The Herald Bulletin

Evening Update

Local Business

May 1, 2013

Flood of kindness in Elwood

Second Harvest donates enough food for over 100 families

ELWOOD, Ind. — Elwood was flooded again Wednesday — by kindness, not water.

Volunteers filled the City Building police bay, 1505 South B St., to pass out free fruits, vegetables, snacks and more to 107 families affected by last month’s flooding. The food was donated by Second Harvest Food Bank.

“They called and asked what we needed,” said Mayor Ron Arnold. “Within two hours, they were here with a semi-truck full of food. I was blown away.”

The city spent the next few hours setting up a distribution, gathering volunteers and spreading the word.

Elwood Community Schools used its automated call system to alert students’ parents. Firefighters and police officers went door-to-door delivering fliers.

At the City Building, more than 50 volunteers unpacked Gatorade, potatoes, strawberries and oranges, and passed them out to a queue of cars winding through the police bay.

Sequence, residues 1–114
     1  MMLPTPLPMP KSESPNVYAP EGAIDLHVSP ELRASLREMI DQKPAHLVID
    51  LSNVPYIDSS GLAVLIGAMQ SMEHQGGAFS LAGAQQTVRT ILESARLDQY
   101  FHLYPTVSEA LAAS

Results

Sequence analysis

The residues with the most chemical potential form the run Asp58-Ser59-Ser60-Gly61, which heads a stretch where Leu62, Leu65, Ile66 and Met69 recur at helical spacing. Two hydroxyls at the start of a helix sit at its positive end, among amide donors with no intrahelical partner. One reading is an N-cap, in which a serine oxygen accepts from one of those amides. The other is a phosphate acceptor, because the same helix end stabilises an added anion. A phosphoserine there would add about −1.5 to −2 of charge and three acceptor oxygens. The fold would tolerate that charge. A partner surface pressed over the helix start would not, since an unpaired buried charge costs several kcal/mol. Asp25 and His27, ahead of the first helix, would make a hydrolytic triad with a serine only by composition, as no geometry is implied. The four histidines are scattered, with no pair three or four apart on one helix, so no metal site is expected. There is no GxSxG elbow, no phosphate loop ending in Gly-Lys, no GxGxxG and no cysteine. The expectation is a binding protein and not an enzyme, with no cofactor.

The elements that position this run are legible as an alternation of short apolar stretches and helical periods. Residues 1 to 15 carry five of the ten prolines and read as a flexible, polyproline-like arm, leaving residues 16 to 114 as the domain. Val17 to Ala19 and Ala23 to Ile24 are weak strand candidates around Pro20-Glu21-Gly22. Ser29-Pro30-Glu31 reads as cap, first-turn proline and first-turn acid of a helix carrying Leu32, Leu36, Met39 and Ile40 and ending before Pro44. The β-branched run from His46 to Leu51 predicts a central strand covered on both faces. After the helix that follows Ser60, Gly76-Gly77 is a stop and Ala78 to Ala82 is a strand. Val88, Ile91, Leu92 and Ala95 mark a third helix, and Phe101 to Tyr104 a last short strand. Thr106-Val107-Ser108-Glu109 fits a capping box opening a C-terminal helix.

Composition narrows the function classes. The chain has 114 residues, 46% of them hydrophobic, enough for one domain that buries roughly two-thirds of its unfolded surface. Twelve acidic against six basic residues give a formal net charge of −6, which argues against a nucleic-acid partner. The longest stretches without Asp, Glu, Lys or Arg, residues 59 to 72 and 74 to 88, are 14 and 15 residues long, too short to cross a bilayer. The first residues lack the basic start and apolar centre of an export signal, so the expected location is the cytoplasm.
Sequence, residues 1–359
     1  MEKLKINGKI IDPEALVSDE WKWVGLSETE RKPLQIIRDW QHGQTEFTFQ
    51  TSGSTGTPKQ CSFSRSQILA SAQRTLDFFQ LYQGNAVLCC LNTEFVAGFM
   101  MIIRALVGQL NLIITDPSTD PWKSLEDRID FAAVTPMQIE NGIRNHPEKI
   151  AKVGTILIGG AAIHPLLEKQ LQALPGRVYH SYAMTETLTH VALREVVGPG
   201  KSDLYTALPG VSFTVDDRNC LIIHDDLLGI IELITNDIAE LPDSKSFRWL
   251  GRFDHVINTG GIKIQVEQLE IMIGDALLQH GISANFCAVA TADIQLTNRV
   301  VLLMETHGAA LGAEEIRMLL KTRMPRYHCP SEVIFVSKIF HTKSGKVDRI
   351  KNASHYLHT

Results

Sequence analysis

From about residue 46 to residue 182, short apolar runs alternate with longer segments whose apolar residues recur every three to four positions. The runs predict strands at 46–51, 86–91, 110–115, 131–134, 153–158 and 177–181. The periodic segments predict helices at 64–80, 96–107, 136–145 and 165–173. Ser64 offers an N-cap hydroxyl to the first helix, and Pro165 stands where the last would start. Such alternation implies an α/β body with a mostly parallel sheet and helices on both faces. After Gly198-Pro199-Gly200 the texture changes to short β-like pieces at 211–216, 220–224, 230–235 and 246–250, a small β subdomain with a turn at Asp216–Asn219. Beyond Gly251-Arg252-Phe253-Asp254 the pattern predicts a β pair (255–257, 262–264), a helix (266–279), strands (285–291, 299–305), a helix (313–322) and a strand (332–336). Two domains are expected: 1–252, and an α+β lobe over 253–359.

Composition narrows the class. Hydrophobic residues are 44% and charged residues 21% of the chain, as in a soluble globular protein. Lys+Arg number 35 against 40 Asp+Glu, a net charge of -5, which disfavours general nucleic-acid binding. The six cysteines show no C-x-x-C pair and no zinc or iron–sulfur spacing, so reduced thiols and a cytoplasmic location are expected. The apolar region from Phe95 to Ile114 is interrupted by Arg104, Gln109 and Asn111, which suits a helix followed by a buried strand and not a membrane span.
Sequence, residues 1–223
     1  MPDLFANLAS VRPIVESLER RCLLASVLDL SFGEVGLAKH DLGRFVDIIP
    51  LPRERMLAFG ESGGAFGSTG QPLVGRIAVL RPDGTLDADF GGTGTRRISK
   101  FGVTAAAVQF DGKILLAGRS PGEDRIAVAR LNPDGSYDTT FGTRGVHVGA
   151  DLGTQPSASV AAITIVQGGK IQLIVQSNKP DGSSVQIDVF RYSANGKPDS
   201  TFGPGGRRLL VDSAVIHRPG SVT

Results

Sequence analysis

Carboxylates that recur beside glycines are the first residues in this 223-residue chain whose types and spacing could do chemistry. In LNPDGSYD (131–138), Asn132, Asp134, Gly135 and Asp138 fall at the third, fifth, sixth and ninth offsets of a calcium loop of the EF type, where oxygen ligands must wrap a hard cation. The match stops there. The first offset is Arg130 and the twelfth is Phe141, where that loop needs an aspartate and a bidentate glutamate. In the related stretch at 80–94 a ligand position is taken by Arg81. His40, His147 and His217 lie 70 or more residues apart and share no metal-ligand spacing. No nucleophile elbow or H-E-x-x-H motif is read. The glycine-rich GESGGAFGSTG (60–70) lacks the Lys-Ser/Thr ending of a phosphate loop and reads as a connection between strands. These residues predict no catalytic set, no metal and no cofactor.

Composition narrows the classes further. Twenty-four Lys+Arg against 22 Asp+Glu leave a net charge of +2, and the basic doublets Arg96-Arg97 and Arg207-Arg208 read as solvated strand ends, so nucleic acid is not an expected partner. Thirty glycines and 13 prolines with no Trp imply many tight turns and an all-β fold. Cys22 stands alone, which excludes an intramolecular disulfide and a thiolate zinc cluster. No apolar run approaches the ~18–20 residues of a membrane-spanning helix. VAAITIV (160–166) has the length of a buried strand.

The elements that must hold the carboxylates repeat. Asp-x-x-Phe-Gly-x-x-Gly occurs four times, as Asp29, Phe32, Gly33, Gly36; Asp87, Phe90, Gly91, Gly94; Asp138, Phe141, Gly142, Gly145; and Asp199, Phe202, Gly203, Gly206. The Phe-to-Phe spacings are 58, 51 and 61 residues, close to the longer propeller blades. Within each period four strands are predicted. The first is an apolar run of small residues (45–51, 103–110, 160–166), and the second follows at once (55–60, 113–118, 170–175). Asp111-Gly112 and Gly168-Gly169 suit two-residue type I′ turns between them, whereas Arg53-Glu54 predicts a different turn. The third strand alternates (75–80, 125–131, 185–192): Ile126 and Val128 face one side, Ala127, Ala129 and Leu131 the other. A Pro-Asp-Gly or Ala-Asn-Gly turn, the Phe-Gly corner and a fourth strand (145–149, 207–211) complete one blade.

“When I talk about what a great community we have here in Elwood, this is it,” said Arnold, leaning in car windows to speak with families picking up food. “This, right here: these people.”

Many volunteers were wrangled from nearby businesses and throughout the building, including Lori Nutt, who works in maintenance. Passing out boxes of strawberries, she said she was “glad we can help them (flood victims) feed their families.”

For example, April Lilly and Josh Devore, who walked to the distribution with three of their children and a neighbor's child in tow.  

The flood put 6 feet of water in their basement and knocked out the heat. “Then it got cold out,” Lilly said. “It was so cold, you could see your breath in the house.”

With the costs of cleanup, budgeting for food is difficult, she said, and “this really helps.”

As of Wednesday morning, 120 Elwood households had reported flood damage, Arnold said. But that number is still climbing, and total cost estimates for cleanup range in the millions.

Insurance won’t cover everything, so residents and city officials alike are banking on federal assistance.

Federal Emergency Management Agency officials started preliminary damage assessments in Madison, Howard, Tipton and Wabash counties Wednesday morning. Elwood spokesman Jeff Howe said they’d be back Thursday.

The assessments are the sixth step in the process of determining whether Elwood will receive federal money.

The fact Elwood’s reached that step so quickly is “very encouraging,” Arnold said. He was originally told it could be weeks.

Like Baylee Pulliam on Facebook and follow her on Twitter @BayleeNPulliam, or call 648-4250.

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